One way we'll know what side of the propaganda line the writers and editors of Superman stand upon is who will be the villains and how they will be portrayed. Sure, it's easy to show Superman supporting non violent protestors and standing up to tin pot dictators, but how will he fare when it comes to the gray areas of international politics and social agendas? Will Superman align himself with unions, or with governors? Will he become a friend of the police, or a friend of the pot smoker they beat to within an inch of his life? Will he rush to the aid of the TSA agents feeling up some good looking suspected terrorist who refused a naked body scan, or will he rush to the aid of someone being beaten by those same agents because they stood up for their rights? Will he stand with tax protestors who have refused to pay for unjust wars or other unpalatable federal government programs, or will he help the tax collectors subjugate and destroy such uppity miscreants? These are some tough issues to address, even for Superman.
Will the bad guys be anarchists who wish the violent overthrow of supposedly legitimate governments, or will they be the CIA agents who infiltrate and even set up such groups and then provocateur violence to entrap otherwise peaceful individuals? Will the bad guys be portrayed as uncaring industrialists working to destroy the Earth through negligent pollution or will they be the plotting leaders of the green movement looking to destroy humanity through corrupt science, manipulation of public opinion and the regulation of life giving gases? Will the targets of Superman's ire be the soldier following orders, or will they be the corrupt politicians lying a nation into war? Will the enemy be the common dissident, or the super wealthy central bankers and globalists?
Just how indoctrinated is Superman anyway? How deep does his philosophy go? I wonder, has he ever given any thought to economics? Does he realize that most, if not all, of the evil mankind does has its roots in economics? Most of the fraud, wars, and other ills created by mankind is done for greed and love of power. If one can control and regulate how business and trade is run, then one can control the world. Perhaps the easiest way to achieve this would be to have a monopoly on the creation of the currency used to do business throughout the world.
The founders of the United States of America knew this and tried to anticipate such a threat by providing instructions in the constitution on the creation of money. Our forefathers were warned that paper money was trouble, that the power to issue it could be abused, and that only gold and silver should ever be legal tender. They were warned that issuance of such debt notes could lead to economic catastrophe and the lose of property for the common folk. The Federal Reserve note that has also become known as the United States dollar is such a debt note. It has also become the world's reserve currency, though it is no longer regulated by the gold market, or any other precious metal market, in any way, shape or form. This fact has led to the concentration of wealth worldwide into the hands of a very few people, giving them far too much power to implement their will upon the great mass of humanity. The question is, does Superman realize this and if so will he side with the common folk, or is he willing to look the other way and go after some lesser bad guys for a bit of payoff from the elite?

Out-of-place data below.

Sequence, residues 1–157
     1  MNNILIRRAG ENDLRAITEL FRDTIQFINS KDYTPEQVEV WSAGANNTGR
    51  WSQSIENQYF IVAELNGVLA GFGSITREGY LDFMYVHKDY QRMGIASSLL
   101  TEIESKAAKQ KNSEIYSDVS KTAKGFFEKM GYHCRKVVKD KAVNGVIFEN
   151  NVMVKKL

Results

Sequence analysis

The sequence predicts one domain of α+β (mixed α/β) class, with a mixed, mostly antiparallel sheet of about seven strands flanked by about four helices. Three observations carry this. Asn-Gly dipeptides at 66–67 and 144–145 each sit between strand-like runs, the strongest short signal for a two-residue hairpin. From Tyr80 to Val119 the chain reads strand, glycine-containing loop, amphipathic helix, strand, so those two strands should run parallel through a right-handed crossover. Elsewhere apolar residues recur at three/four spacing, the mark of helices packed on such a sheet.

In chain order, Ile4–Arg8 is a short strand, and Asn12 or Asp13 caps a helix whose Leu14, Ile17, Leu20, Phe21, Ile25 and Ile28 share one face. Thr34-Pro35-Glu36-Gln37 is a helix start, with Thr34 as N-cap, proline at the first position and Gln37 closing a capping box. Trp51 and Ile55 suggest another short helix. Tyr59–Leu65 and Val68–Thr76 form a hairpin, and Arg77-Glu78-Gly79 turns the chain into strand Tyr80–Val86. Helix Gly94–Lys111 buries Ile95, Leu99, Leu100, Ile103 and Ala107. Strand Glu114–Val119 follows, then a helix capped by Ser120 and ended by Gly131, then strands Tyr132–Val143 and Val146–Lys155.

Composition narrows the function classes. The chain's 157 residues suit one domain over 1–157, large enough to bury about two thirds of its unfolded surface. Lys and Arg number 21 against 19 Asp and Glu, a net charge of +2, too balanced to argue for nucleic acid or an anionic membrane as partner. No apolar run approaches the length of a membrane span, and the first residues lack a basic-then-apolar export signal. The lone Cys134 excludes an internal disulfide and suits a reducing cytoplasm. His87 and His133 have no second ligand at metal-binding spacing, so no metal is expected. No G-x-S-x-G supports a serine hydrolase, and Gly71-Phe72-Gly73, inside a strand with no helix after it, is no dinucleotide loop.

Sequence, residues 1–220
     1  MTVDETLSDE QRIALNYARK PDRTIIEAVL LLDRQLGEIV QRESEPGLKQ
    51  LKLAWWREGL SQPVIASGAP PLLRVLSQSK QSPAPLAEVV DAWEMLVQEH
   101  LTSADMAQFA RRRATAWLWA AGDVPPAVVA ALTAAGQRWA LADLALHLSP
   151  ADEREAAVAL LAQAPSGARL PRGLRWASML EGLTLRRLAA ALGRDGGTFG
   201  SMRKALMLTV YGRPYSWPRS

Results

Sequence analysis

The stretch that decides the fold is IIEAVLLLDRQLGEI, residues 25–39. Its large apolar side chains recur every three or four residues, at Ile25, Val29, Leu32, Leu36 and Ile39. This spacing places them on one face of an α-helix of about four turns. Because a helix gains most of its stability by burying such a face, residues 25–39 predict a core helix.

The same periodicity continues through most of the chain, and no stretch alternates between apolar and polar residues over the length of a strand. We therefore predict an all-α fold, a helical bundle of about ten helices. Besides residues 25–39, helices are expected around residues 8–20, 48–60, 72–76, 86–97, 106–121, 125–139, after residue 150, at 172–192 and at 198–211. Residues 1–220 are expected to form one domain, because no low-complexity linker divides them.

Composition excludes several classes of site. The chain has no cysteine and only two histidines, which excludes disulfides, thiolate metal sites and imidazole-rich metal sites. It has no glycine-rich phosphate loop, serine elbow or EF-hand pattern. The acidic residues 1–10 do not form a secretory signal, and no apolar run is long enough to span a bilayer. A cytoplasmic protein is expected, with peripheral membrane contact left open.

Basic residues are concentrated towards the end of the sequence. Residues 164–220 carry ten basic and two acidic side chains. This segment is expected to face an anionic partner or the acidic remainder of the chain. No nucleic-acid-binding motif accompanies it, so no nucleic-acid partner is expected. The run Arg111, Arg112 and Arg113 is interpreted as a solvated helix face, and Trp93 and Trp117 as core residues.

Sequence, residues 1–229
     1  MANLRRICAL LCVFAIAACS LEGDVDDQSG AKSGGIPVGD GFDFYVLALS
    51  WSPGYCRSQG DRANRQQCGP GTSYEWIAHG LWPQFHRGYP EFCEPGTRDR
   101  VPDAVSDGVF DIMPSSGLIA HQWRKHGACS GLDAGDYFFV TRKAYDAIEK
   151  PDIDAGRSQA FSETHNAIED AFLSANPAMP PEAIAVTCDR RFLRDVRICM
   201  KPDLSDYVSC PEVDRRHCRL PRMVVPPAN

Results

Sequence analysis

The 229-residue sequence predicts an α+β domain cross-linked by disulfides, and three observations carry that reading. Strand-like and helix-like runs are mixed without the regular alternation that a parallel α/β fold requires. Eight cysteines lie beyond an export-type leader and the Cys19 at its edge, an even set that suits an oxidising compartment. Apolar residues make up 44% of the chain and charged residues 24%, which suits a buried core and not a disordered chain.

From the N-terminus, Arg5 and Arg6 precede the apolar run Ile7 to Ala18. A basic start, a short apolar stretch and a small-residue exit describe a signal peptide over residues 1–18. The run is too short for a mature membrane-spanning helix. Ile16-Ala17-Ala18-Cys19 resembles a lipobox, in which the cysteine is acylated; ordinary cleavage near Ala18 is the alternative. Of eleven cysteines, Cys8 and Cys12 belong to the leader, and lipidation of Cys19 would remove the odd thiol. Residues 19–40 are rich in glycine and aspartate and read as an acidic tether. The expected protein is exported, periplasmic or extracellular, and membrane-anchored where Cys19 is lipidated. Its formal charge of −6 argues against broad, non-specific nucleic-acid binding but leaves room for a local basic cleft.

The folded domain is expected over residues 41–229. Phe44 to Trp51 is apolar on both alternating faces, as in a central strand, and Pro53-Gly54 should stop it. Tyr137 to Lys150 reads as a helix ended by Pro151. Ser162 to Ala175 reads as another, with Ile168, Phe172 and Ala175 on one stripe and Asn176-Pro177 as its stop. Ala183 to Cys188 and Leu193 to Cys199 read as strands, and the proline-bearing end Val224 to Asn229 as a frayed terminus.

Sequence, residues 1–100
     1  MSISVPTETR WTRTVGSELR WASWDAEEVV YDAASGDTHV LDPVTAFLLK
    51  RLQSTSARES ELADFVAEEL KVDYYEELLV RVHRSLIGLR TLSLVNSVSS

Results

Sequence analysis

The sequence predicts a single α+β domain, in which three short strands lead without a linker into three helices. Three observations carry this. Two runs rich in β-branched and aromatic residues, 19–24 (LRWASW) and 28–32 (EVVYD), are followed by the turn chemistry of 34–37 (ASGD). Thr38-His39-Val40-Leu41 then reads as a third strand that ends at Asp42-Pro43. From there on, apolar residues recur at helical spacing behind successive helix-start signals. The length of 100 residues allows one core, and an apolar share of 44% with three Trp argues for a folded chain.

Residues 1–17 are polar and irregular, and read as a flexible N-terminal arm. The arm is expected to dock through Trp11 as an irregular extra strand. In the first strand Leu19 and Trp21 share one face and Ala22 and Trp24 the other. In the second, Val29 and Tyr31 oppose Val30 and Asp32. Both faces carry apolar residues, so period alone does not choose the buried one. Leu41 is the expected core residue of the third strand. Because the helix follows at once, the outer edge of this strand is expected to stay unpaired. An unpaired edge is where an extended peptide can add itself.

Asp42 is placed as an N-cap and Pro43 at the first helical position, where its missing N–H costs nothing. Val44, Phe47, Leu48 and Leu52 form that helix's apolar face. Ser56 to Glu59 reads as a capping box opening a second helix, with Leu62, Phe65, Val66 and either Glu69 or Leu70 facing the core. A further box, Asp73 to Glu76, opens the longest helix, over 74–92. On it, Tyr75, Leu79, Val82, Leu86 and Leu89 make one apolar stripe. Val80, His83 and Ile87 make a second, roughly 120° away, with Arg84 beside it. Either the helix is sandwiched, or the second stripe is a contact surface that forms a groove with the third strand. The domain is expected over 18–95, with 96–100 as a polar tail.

In my opinion, which I'm sure is shared by others, one of the best ways to take power from the super elite and put it back into the hands of the common folk is to take away the monopoly that allows them to issue the world's currencies in paper notes based on debt. So, in coming issues, will we see Superman storm into a congressional hearing and hear him demand that Ben Bernanke release the records of where the bailout money went? Will he demand the money be returned to the taxpayers who never wanted the bailouts in the first place? Will he help Ron Paul and other congresspersons push through a bill to fully and completely audit the fed? Will he help with the transition to competitive money? Will he help reestablish honest, constitutional money in the United States? In the rest of the world? Will he be a friend of the common folk, or a tool of the new world order? Only time will tell.